‘Plumes and Feathers in Fashion’ at the Bowes Museum focuses on the importance and beauty of plumage used in the fashion industry to create mesmerising artistic masterpieces throughout the ages. Feathered creations have been utilised for both fashionable wardrobe pieces such as dresses and coats, alongside items such as fans and other accessories. In the past feathers have been noticed for their value and have emerged to symbolise liberation and freedom in relation to humankind for the feather is iconic of the unique flight of the bird kingdom. The exhibition sees pieces created from legendary fashion labels in the industry such as Alexander McQueen, Thierry Mugler, Jean Paul Gaultier, Christian Dior, Prada and many more.
The opening piece of the exhibition is immediately captivating and draws the viewer further into the room as you are overwhelmed by a dazzling outstretched pair of wings erupting from a black dress in front of you. With a black velvet bodice, the butterfly pattern on the back cut-out is made from peacock feathers, eagle feathers, rooster feathers and feathers from a bird of paradise; accompanied with a set of silk velvet gloves. The wings are rich in colour, presenting an exotic butterfly on a human body manikin. The piece is designed by Thierry Mugler as part of his Autumn/ Winter Haute Couture collection in 1997/98. This image of the ‘bird woman’ is reminiscent of the Romantic period when women and birds were paired to portray innocence and fragility. However, this piece is controversial in using the same coupling to present empowerment, mystery and seduction.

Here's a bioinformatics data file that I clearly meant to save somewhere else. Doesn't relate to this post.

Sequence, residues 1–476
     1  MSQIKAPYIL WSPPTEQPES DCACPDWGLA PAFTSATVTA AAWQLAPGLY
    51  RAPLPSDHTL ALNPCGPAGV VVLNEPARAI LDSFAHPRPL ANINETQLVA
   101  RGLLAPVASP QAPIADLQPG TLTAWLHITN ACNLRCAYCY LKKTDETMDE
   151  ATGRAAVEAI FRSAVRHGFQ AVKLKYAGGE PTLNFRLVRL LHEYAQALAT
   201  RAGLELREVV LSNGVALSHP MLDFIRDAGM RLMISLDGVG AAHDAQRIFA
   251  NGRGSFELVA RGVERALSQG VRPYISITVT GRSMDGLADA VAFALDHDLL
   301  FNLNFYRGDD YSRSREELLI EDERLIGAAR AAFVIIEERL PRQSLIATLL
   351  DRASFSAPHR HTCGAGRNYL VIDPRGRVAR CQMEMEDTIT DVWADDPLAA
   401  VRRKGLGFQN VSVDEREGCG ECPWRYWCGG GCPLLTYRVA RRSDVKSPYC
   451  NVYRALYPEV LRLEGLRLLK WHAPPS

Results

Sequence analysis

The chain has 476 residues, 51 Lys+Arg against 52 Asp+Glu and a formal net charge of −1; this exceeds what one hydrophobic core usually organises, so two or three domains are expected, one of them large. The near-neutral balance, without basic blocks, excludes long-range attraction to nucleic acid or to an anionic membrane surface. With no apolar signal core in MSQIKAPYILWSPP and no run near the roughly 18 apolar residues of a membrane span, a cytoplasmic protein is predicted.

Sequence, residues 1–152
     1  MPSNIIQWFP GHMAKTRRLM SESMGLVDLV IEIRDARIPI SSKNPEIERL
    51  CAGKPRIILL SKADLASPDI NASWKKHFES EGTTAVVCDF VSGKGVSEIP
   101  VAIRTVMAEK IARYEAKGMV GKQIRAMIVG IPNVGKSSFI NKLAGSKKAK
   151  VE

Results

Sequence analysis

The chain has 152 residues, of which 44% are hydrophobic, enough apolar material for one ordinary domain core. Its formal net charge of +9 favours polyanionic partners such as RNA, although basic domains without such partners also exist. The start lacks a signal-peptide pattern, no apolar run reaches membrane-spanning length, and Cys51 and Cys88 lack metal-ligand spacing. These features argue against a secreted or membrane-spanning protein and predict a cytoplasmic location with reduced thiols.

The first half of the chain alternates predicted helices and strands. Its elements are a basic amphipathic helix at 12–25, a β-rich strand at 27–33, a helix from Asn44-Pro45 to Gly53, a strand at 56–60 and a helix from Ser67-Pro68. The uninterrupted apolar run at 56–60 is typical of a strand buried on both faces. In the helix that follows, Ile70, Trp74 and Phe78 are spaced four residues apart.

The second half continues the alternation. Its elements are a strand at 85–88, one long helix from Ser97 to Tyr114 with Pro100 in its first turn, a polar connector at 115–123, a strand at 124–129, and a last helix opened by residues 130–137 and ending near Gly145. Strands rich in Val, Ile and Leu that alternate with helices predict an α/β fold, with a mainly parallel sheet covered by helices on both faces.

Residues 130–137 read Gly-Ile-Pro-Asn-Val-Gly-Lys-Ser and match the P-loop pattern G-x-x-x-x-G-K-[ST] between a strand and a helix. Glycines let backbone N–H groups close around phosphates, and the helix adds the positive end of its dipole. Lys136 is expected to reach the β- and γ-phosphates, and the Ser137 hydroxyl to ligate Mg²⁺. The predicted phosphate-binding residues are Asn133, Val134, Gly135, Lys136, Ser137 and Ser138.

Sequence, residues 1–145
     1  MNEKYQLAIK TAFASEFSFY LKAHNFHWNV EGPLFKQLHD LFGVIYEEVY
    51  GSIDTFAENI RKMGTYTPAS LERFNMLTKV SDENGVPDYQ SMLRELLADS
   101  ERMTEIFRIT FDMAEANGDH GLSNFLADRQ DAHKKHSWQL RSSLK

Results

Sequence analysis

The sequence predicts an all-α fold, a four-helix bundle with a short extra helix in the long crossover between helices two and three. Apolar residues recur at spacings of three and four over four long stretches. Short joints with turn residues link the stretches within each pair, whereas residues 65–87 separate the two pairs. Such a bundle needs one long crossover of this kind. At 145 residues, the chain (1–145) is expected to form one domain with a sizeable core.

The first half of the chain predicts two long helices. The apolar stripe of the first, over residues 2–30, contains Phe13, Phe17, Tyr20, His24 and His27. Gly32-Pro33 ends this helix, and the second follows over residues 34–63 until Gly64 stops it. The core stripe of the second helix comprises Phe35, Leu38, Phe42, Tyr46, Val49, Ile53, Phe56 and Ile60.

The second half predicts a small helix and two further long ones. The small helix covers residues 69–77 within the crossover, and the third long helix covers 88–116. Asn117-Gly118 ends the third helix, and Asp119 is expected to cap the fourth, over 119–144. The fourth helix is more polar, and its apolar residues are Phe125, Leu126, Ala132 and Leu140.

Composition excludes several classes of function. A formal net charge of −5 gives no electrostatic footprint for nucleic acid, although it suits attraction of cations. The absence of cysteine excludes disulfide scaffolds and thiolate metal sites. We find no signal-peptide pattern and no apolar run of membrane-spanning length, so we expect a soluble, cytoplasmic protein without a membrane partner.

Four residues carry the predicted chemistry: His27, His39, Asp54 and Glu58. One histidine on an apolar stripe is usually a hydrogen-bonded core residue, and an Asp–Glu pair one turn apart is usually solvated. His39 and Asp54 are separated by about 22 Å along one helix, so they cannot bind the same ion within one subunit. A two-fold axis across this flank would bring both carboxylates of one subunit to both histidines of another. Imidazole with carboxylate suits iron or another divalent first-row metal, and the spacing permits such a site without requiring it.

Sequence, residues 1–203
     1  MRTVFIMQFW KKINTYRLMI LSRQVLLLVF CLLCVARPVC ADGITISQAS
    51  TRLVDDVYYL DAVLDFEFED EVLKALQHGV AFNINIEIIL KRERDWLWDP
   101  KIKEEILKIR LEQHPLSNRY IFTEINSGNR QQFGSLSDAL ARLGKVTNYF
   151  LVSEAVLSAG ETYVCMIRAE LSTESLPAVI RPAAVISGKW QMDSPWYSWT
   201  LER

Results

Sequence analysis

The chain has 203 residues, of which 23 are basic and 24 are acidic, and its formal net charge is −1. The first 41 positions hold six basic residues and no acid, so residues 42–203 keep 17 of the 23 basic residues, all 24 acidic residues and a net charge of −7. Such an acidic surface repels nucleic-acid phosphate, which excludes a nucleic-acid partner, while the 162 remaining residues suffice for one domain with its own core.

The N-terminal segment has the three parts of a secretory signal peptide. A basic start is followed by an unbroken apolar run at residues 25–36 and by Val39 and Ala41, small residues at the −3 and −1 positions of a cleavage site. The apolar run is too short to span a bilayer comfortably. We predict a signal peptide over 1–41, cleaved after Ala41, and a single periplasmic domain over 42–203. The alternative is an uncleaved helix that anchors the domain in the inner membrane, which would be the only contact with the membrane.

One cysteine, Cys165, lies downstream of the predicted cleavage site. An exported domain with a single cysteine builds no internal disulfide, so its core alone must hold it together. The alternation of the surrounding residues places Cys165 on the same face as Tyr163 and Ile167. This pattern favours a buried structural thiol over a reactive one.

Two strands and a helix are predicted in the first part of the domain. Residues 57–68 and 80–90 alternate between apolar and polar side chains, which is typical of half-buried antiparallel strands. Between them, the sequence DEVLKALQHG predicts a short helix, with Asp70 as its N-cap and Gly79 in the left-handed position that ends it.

The Plumassier concept is described on information boards and books. Dating back to the 18th and 19th centuries, the craft of processing feathers was limited knowledge known only to the feather processors or plumassiers. Before using feathers for a creation they would be cleaned using soap or another detergent and once the feathers are dried they are sorted out and dyed or bleached. Artists and designers have most commonly used feathers from birds such as the peacock, heron, ostrich and even the eagle. The exhibition sees all of these feathers incorporated into the pieces displayed. From the second half of the nineteenth century more exotic bird species were used as Britain became the epicentre of feather trade in the world.
The 1920s saw the birth of flapper dresses, (think Gatsby and you’ve got it), which were accompanied by extravagant accessories such as feather boas and feather fans. In the early 19th century France, feather fans were seen as a luxury item to be worn at balls and parties by royalty and the bourgeoisie. This particular fan interested me as the small hummingbird is engulfed in the cloud of white downing feathers; the juxtaposition of the two is interesting as it contrasts two different colours and types of feathers next to one another. A beautiful peacock fan was displayed next to a Prada Spring/ Summer 2005 collection peacock dress in one cabinet, which caught my eye. Male peacock feathers are one of the most iconic feathers in the world with many connotations. The peacock feather has biblical, Christian and mythological connotations and thus is a powerful symbol when used in artistic fashion work.
My favourite piece at the exhibition was an Alexander McQueen dress designed by Sarah Burton as part of the Spring/ Summer 2011 collection. The piece’s bodice was made with goose feathers and the skirt in ostrich feathers, thus creating a beautiful pastel coloured dress with a thick layering of feathers which created a soft and delicate texture. McQueen was said to be fascinated by feathers, trying to ‘transpose the beauty of a bird to women’ in his work. Another beautiful dress was a Nina Ricci designed by Oliver Theyskens as part of their Autumn/ Winter 2007/8 collections. The dress featured a silk train with swan wings embellished with ostrich feathers, chicken feathers and swan down on the back. Symbolic of the white swan, this piece contains cultural references to Tchaikovsky’s Swan Lake. The dress has strands flowing off of it, which gives an interesting texture, and imperfect look to it compared to the thick and tightly packed feathers that we see in McQueen’s work.
‘Plumes and Feathers in Fashion’ runs at the Bowes Museum until 19th April
Photographs: Francesca Dale